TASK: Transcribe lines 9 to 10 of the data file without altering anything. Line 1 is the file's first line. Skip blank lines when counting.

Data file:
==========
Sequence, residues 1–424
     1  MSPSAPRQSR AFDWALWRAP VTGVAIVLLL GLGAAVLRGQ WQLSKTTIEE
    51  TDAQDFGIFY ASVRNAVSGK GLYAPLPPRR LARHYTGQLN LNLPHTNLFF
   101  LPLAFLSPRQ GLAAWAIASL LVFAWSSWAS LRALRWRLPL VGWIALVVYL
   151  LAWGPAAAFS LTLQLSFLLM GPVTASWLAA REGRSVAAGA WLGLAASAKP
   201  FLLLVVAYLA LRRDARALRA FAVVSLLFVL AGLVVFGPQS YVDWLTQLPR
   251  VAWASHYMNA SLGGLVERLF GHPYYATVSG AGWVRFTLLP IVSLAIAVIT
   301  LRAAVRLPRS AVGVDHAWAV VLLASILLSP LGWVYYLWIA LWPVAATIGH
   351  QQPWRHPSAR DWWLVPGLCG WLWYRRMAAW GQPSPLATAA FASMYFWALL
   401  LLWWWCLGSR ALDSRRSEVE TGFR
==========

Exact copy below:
   351  QQPWRHPSAR DWWLVPGLCG WLWYRRMAAW GQPSPLATAA FASMYFWALL
   401  LLWWWCLGSR ALDSRRSEVE TGFR